NJ man faces federal charge after Molotov cocktail hurled at Bloomfield temple
👮♂️ Prosecutors say a Clifton man is arrested in the attempted firebombing of Temple Ner Tamid
🔥 Rabbi Marc Katz says security upgrades stopped the Temple from going up in flames
🕊 The synagogue is hosting an interfaith rally with rabbis, pastors, and imams
BLOOMFIELD — A 26-year-old Clifton man has been arrested, stemming from the attempted firebombing of a Jewish temple on Sunday morning.
Nicholas Malindretos has been charged with attempted use of fire to damage and destroy a building used in interstate commerce.
"I’m proud to announce that the suspect in the Temple Ner Tamid firebombing is in the custody of the FBI and Bloomfield Police Department," Bloomfield Mayor Michael Venezia said on social media Wednesday evening, shortly before details were shared by U.S. Attorney Phillip Sellinger.
Suspect tracked by license plate reader in Bloomfield
A black Volkswagen was picked up by a license plate reader, according to a criminal complaint filed in the case, driving to and from the area of the synagogue directly before and after the 3 a.m. incident.
On Wednesday, officers found the car parked in Clifton.
Inside the Volkswagen, they found a black hoodie sweatshirt with a skull design, white gloves and mask — all matching the individual seen in the temple's surveillance video footage, according to the same complaint.
Hours before the arrest announcement, a reward for information leading to the suspect's arrest had risen to $15,000 total.
🔥 Molotov cocktail stopped by security upgrades
According to Bloomfield police, a man in a ski mask walked up the driveway of Temple Ner Tamid on Broad Street early Sunday morning around 3:15 a.m. with a Molotov cocktail in hand. He ignited the homemade weapon and threw it at the building's front doors.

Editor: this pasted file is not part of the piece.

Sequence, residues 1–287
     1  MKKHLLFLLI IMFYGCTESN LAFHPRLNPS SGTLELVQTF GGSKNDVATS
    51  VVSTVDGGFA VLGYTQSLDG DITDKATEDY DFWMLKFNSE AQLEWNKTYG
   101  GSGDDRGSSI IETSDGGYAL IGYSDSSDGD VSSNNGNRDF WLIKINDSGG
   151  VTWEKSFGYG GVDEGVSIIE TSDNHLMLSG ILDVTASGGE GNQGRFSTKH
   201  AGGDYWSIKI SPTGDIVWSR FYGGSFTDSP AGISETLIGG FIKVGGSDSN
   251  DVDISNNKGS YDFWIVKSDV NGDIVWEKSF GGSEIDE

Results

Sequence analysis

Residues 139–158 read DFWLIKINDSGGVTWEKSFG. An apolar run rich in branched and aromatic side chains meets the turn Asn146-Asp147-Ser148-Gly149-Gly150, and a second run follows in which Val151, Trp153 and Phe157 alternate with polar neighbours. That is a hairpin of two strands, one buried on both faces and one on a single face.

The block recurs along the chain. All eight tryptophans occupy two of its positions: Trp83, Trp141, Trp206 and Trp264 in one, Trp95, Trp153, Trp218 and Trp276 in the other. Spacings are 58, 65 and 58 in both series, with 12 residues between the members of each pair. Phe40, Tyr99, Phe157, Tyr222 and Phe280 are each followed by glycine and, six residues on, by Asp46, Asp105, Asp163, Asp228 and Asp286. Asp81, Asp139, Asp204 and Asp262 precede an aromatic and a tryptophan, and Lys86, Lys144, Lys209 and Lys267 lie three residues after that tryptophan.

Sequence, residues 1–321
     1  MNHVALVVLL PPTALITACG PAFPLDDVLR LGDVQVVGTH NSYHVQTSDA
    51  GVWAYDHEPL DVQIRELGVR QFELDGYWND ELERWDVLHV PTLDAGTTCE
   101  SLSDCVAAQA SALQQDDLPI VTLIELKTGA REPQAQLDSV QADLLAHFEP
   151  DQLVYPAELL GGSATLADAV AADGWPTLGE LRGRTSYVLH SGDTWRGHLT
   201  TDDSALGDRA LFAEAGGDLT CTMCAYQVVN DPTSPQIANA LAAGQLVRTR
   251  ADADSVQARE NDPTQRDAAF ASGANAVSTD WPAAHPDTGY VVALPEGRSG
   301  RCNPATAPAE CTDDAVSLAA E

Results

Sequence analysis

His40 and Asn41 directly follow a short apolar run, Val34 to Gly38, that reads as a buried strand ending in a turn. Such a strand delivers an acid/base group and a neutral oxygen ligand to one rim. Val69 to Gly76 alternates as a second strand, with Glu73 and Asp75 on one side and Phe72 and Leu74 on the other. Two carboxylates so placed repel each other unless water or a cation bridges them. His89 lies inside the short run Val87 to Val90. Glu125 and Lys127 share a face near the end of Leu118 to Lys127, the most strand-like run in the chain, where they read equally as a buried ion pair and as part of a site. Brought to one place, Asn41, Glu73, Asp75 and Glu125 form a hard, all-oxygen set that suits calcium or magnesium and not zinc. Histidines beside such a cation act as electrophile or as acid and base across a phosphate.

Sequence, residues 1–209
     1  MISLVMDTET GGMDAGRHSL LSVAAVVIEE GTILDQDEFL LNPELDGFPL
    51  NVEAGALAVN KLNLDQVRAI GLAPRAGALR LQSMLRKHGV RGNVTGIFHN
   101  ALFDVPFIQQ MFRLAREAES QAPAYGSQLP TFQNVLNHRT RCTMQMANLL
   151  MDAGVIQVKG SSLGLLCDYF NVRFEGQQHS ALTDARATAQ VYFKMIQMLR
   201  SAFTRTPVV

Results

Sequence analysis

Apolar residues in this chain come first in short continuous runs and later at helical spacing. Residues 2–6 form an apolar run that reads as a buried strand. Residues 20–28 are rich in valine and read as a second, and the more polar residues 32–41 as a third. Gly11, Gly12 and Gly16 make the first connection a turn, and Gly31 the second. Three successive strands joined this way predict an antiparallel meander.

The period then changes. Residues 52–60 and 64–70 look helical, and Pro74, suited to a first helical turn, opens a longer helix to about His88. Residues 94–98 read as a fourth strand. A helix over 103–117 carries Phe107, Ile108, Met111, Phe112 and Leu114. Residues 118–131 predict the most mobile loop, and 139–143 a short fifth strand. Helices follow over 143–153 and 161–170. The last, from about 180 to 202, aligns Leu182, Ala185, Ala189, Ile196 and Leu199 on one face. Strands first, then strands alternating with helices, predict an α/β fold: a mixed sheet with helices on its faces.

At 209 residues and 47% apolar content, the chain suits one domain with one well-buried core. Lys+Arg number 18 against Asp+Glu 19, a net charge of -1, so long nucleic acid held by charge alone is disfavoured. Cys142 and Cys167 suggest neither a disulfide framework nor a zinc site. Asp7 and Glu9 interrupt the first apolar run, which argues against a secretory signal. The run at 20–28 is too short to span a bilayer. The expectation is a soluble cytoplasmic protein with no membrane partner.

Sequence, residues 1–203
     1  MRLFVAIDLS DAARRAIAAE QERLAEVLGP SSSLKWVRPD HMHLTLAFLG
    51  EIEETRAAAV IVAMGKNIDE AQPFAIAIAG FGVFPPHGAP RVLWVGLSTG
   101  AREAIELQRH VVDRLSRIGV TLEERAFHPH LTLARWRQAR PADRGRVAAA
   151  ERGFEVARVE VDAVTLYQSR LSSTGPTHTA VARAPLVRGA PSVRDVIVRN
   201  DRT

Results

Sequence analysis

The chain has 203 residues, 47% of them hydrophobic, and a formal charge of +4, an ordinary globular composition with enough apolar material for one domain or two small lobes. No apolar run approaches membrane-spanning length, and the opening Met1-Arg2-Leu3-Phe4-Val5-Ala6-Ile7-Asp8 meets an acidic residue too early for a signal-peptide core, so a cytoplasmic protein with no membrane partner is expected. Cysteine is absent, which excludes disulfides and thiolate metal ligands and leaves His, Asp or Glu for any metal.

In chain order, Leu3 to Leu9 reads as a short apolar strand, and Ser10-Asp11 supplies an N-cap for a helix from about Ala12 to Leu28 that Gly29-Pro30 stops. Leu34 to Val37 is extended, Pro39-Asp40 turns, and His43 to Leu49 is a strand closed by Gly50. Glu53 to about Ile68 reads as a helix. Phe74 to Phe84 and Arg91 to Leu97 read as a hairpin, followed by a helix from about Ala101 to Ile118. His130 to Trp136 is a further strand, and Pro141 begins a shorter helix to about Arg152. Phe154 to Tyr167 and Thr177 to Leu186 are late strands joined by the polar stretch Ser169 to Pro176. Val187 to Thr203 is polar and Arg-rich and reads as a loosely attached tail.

However, the glass bottle broke and only caused minimal damage. Rabbi Marc Katz confirmed to New Jersey 101.5 that reinforced doors stopped the bottle from going through the glass and igniting the building from within.
While Katz is grateful that state grants helped to pay for the security upgrades, he worries that smaller synagogues without an executive director to spend time filling out pages of forms for grant applications will be vulnerable.
He sees a world where bigger synagogues will keep getting more "hardened" but smaller ones will not.
"Unfortunately, we live in an era where we do have to take these precautions. We probably don't need them everywhere, but when we do need them, they are really important," Katz said. "Who would have guessed that somebody would've shown up in the middle of the night with a Molotov cocktail outside of our congregation."
🕊 Bloomfield interfaith rally against hate
After the attempted firebombing of the Bloomfield synagogue, faith leaders and elected officials are coming together for a rally to unite against hate Thursday night.
The congregation at Temple Ner Tamid will hear readings from local rabbis, pastors, and imams.
"This attack on our congregation was likely motivated by antisemitism and that is one form of hatred, but that doesn't necessarily mean that there aren't others who are dealing hatred in other forms in their own way," Katz said.
Katz said that as the rabbi of the synagogue, his job is to remind his congregation that they are safe and have allies in their community to unite against a growing trend of hatred.
The rally is scheduled for 6:30 p.m. at Temple Ner Tamid located at 936 Broad Street in Bloomfield.
Also on Thursday, Malindretos was slated for a first appearance in Newark federal court.